How to Record Audio on a Mac

Recording audio through OS X on a Mac is quite easy. Most Macs come with GarageBand, and every version of OS X since Snow Leopard has audio recording software baked right in to QuickTime. To add to the ease of recording, Apple has gone out of its way to make the process relatively simple. All you need to do is know where to go and what options to select.

For me, there are a number of open source applications that can also be used to make audio recording easier. Despite the plentiful options available from included software, it’s important to remember the added features some additional third-party software can provide for you.

Here are some ways you can record audio on a Mac.

QuickTime

How to Record Audio on a MacQuickTime X comes complete with screen, video, and audio recording capabilities. Just fire up QuickTime and select File, then New Audio Recording to get started. This feature is available on every version of QuickTime since 10.0.1 and you don’t have to upgrade to QuickTime Pro to use it.

Audio is recorded in one of two quality settings, and you can select an input device (built-in microphone, external, or software-based internal) to use for best results. Just start recording and hit the stop button when you’re done. By exiting the window (little red dot on the upper-left corner of the window) you are presented with options for saving the file. QuickTime saves files in AAC format, which is a lossless codec. The audio is still quite good and can be used in a variety of situations.

GarageBand

iLife is a great set of applications that comes free with each new Mac. GarageBand is more than just a collection of loops or a tool for musicians; it’s actually a pretty powerful piece of audio recording software. By starting a new project and using the voice presets, you can easily add effects that make your voice sound even better than it does in person.

Audacity

Audacity is an incredibly useful cross-platform open source application that enables you to record, edit, and master audio at a more advanced level. Where GarageBand makes composition easier, Audacity makes it easier to refine your masterpiece.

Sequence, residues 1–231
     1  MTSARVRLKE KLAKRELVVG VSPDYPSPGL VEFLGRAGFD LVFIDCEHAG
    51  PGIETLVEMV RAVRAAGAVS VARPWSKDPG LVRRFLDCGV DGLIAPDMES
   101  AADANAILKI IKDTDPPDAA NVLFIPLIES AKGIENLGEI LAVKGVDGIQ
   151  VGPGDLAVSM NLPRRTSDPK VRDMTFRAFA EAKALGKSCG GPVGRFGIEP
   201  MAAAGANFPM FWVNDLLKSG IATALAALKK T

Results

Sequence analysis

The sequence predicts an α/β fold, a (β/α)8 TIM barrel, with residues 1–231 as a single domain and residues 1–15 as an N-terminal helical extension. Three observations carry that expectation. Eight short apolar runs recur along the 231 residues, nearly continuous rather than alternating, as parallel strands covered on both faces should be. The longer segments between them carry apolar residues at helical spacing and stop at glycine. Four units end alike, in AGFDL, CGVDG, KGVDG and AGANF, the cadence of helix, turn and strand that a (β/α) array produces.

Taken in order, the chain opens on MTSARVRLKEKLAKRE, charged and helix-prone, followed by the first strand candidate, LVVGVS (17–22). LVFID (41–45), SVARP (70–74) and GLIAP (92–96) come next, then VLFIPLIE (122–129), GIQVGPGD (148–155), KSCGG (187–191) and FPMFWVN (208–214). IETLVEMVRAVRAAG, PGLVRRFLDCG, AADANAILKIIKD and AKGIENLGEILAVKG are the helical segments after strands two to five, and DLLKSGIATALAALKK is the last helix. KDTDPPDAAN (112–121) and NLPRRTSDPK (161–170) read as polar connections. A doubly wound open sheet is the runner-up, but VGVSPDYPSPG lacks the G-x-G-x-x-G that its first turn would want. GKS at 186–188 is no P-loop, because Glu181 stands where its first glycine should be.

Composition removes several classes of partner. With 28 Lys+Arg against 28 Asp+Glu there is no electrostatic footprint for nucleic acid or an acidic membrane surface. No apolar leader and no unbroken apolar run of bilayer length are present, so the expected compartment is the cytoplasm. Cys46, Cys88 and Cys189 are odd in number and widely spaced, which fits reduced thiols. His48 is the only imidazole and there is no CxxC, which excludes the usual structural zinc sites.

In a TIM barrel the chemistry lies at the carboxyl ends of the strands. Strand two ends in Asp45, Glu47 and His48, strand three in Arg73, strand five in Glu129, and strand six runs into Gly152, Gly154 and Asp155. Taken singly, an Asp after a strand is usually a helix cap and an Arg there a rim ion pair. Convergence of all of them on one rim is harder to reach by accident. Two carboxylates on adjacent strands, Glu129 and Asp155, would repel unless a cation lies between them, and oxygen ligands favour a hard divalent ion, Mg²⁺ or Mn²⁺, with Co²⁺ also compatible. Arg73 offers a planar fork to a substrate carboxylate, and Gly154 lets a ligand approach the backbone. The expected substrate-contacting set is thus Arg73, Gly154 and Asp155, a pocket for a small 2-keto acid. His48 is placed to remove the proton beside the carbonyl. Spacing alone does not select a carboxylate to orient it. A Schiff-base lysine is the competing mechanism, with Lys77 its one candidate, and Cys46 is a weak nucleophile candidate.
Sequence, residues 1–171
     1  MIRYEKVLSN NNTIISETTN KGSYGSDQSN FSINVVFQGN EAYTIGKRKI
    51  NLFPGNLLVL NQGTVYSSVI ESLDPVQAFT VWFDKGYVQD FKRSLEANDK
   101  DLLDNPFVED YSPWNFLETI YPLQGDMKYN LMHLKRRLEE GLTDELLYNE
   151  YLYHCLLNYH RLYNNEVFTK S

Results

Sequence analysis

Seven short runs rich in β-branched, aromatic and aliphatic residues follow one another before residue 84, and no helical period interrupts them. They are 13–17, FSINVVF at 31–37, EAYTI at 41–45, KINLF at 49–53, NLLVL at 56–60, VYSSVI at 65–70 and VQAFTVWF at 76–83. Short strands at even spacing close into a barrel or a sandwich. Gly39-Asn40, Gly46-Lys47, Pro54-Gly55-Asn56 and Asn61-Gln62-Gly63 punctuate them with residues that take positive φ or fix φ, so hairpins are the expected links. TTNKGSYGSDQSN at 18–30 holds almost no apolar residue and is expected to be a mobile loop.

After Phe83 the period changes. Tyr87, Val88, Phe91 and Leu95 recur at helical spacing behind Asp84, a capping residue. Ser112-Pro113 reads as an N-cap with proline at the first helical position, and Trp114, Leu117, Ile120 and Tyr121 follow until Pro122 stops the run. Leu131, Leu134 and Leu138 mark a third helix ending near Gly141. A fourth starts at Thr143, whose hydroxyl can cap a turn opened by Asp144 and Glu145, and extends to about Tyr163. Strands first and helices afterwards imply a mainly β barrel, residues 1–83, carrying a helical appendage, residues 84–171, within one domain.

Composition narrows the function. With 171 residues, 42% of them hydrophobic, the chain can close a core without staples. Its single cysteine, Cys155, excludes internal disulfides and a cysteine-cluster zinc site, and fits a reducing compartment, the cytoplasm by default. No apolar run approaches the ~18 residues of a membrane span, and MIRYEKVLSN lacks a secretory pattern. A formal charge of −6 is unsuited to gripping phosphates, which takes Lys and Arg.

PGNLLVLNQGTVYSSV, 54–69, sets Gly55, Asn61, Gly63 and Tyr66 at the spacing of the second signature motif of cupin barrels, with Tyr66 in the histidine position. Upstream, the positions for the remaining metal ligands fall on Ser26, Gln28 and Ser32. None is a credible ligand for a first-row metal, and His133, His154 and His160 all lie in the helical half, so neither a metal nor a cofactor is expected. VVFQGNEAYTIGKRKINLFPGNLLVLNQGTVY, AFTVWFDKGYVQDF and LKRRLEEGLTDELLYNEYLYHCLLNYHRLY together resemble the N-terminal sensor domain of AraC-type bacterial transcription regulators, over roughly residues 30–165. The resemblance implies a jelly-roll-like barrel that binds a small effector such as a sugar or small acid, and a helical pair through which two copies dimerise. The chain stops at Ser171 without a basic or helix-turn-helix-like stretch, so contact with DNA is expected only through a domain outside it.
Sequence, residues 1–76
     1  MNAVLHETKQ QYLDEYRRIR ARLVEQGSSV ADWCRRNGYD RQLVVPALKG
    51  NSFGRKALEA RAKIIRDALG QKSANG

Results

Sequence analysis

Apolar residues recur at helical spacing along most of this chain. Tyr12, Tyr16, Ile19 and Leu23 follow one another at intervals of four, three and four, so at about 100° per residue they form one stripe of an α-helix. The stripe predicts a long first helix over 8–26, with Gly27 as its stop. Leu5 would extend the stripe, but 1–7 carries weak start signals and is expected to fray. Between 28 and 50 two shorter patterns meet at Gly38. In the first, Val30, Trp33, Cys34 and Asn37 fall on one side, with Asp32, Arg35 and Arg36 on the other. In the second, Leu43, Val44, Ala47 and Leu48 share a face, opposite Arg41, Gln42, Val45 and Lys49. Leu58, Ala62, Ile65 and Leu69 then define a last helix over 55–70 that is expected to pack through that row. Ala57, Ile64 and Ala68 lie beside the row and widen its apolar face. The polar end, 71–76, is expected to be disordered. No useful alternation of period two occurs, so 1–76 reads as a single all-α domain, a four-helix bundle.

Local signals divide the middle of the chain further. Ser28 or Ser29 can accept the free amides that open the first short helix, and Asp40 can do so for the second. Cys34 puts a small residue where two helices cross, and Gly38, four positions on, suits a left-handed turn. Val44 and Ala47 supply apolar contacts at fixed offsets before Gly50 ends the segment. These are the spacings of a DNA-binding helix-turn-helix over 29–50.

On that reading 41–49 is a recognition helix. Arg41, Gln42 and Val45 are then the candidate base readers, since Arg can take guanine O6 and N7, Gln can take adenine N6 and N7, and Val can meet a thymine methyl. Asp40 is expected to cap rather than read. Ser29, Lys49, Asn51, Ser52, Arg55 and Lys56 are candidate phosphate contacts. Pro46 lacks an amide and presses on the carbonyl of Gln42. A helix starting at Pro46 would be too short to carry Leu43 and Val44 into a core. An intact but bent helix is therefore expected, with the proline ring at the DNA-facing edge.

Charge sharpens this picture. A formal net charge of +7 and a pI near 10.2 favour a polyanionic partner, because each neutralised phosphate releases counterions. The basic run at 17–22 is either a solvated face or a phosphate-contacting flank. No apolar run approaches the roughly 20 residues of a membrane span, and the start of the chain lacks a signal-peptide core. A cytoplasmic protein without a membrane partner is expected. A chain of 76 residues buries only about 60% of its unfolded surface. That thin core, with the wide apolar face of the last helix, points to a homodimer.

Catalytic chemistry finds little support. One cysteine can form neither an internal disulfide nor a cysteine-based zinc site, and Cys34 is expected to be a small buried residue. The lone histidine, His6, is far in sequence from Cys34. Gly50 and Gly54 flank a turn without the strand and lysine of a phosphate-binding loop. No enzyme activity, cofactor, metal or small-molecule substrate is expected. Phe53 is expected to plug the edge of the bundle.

Audacity is a lot like Adobe Audition in many ways. It provides a number of audio enhancement tools including compressors, limiters, advanced noise reduction, and even a few special effects. GarageBand has a handful of these, but it’s not nearly as robust.

No matter what you choose for audio recording, make sure that it works for you. Do you have a preferred audio recording program for the Mac? Please leave a comment below and let us know.

Article Written by

Ryan Matthew Pierson has worked as a broadcaster, writer, and producer for media outlets ranging from local radio stations to internationally syndicated programs. His experience includes every aspect of media production. He has over a decade of experience in terrestrial radio, Internet multimedia, and commercial video production.

  • Hammid

    ‘Audio Hijack Pro’ and ‘WireTap Studio’ (when it works) are GREAT tools for recording audio off of your applications, say Spotify or any audio sources and then quickly edit, trim and export to iTunes.

  • http://www.facebook.com/Michael.A.PerezHypnosis Michael Perez
  • Sprocket

    AAC = lossy = yep. Also, Audacity provides many multiple tracks, i belive more than Garage Band?

  • http://twitter.com/siabost9deas Kenny MacLeod

    Ardour, a fully fledged Digital Audio Workstation, is an open-source project available for Linux & Mac http://ardour.org/

  • http://www.techlume.com/ Ben

    That’s just what I was looking for, thank you very much for this!